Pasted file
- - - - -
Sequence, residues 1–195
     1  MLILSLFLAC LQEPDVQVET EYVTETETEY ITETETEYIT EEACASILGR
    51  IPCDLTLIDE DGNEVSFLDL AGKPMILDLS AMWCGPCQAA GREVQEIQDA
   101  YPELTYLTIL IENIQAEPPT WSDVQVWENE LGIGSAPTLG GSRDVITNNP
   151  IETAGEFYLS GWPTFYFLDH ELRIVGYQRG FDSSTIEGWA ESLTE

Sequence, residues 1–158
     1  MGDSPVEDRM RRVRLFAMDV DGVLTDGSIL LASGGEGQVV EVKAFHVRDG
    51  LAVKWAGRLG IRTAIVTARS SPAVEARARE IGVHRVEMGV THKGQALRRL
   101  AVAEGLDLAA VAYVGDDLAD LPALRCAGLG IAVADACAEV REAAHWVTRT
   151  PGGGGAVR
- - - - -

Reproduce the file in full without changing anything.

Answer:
Sequence, residues 1–195
     1  MLILSLFLAC LQEPDVQVET EYVTETETEY ITETETEYIT EEACASILGR
    51  IPCDLTLIDE DGNEVSFLDL AGKPMILDLS AMWCGPCQAA GREVQEIQDA
   101  YPELTYLTIL IENIQAEPPT WSDVQVWENE LGIGSAPTLG GSRDVITNNP
   151  IETAGEFYLS GWPTFYFLDH ELRIVGYQRG FDSSTIEGWA ESLTE

Sequence, residues 1–158
     1  MGDSPVEDRM RRVRLFAMDV DGVLTDGSIL LASGGEGQVV EVKAFHVRDG
    51  LAVKWAGRLG IRTAIVTARS SPAVEARARE IGVHRVEMGV THKGQALRRL
   101  AVAEGLDLAA VAYVGDDLAD LPALRCAGLG IAVADACAEV REAAHWVTRT
   151  PGGGGAVR